California just entered the “Yellow Tier” which is the least restrictive phase of the pandemic lockdown. If our COVID infections keep dropping as they have been, we’ll soon have an economy that is wide open again. But demand won’t immediately jump to pre-pandemic levels because people will still be cautious. There will still be a lot of unvaccinated people out there and it will be a while before people – especially older people – will be comfortable mixing it up at movies, sporting events or concerts. Still, notwithstanding some parts of the country that are trailing California, and some parts of the world that are still suffering horribly in the emergency, things are finally starting to look up, at least here in the US. But everything will be different in the new economy. There is not a single enterprise that has not changed the way it’s doing business. The market is now more mobile, more digital and more agile. And one thing it won’t tolerate is a stagnant brand.
There are many firms that evaluate the commercial worth of businesses. Senior management turns to these firms for a variety of reasons: partnership disputes, regulatory reporting or establishing fair market value, to name just three. These firms use a variety of tools and formulas to assign monetary value to tangible property like equipment, real estate, inventory and every other thing that a business may own. They also account for the value of intangibles like intellectual property, i.e, copyrights, patents and trademarks. But very few of these firms really specialize in intellectual property valuations. Many underestimate brand value because they don’t completely understand what a brand really is and where its full potential lies. One firm that does specialize in precise evaluations of intellectual property (IP) is San Diego-based Nevium. Brandtalk had the recent pleasure of talking to Brian Buss, co-founder and principal of Nevium, about its unique brand assessment rubric, the Nevium Brand Score Tool. What follows are the salient points of our conversation, lightly edited for length.
You decided you’re done “winging it” with your brand. You’ve opted to do a little research and find out exactly what your market wants of you. And now that you’re clear on that, you’re determined to be exactly what your market needs you to be. So you realigned your business with your market and created all-new touch points guaranteed to resonate with your best customers. OK so when does it pay off? The answer is (of course) it depends. It mostly depends on the size of your market. But other factors come into play as well. How well was the new brand promoted? is one key question. The good news is a new brand is likely to start paying dividends almost immediately. For instance, after a rebrand or a brand refresh, there is often a corresponding upward tick in sales. This can be a subtle little bump or a significant increase. We’ve written on the Eight Benefits of Branding before. So this article will focus not on what the benefits are but when you could expect to enjoy them in full.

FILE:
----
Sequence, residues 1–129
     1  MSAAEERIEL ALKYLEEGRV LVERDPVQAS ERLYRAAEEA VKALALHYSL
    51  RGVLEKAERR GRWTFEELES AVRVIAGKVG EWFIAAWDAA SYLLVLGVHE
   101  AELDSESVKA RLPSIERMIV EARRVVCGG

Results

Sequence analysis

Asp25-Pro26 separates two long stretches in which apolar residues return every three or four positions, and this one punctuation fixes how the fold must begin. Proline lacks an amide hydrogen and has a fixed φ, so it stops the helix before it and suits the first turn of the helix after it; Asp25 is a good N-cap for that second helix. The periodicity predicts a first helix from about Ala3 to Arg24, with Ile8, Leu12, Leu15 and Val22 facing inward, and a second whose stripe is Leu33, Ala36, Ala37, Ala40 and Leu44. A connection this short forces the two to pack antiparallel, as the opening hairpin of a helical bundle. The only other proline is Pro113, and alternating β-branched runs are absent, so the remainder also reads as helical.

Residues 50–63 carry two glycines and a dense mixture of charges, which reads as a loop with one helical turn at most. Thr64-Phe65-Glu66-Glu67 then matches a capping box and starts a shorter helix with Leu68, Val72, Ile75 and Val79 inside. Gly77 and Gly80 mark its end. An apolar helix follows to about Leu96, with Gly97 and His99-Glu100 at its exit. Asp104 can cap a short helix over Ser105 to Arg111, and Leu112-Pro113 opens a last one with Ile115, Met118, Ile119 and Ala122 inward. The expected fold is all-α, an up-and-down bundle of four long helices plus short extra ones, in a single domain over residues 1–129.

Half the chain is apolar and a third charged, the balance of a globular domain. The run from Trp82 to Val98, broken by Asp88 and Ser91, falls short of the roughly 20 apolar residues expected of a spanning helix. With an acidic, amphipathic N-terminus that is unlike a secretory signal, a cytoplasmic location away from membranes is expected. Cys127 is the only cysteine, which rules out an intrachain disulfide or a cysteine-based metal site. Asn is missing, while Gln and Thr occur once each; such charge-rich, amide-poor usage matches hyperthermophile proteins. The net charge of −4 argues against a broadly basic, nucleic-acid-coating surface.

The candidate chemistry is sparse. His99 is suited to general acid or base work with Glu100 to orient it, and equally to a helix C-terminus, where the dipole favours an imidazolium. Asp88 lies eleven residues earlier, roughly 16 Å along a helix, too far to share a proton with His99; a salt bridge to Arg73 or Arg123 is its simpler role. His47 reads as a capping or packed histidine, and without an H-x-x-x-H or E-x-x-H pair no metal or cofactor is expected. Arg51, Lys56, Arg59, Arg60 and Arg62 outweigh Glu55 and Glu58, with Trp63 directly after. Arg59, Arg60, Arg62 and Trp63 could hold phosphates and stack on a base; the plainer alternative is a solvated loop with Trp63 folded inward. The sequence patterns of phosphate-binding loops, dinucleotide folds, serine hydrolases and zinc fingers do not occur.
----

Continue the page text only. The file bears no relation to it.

In our last post,we showed how the brand is the most valuable asset of any business. Today, we want to take a few short paragraphs to drive that point home. Especially attentive should be private equity investors. Why? Because they are on a constant quest to drive up the market value of the companies in their portfolios. And attention to brand value is one quick and relatively inexpensive way to get significant results. Founders, owners and others may want heed this advice too but it’s PE investors to whom we speak directly. And to them we offer, as a guiding principal, “It’s the brand, stupid.”
Repeat after me.
“Our brands are our most valuable assets … and our only assets that appreciate over time.”
Try saying it aloud a few times.
Your brand, unlike your tangible assets, will never depreciate. Your brand, unlike your patents, will never expire. Your brand, unlike your copyrights, will never pass into the public domain. Your brand is yours to keep and grow – forever. If you are the owner or manager of a brand asset, it is your job to define your true brand promise, to communicate it to every corner of your market, and to empower your employees to deliver on it. Do this and your brand will grow like wild vines. Fail to do it and your brand will wither and, possibly, even die. You owe it to yourself and everyone who counts on your organization to do everything possible to drive up the monetary value of your brand. And it turns out driving up brand value is the quickest and most assured way of driving up the overall worth of a business. Driving up brand value all but guarantees more multiples when it comes time to exit the investment.
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Best Branding Reads
Week of May 10, 2021
Rebranding Made Easy I – Eight Reasons for Change in Turbulent Times
A really great article by Marc Cloosterman. Wish I had written it.
Solving Brand Crisis By Breaking Patterns
Not a good look to "attack" Greenpeace but this case study makes a smart point about doing the unexpected.
Yum! Brands CMO on why brand purpose is not marketing
Agree that purpose is not marketing. But sometimes it’s fine to leverage your purpose in your marketing.
Strategy For A New Era In Retail
Every retailer should ask themselves where they fit on this grid.
What Brands Can Learn About Music Through Film and Television
Sound is still underrated in branding. Everyone remembers your jingle but almost no one can draw your logo.
Christian Siriano’s debut furniture collection is a revelation
Showing us again that a brand’s success in one market opens the door to the next.
How Brands Are Built With Cultural Credibility
Society needs gatekeepers. Render one obsolete. Another one magically appears.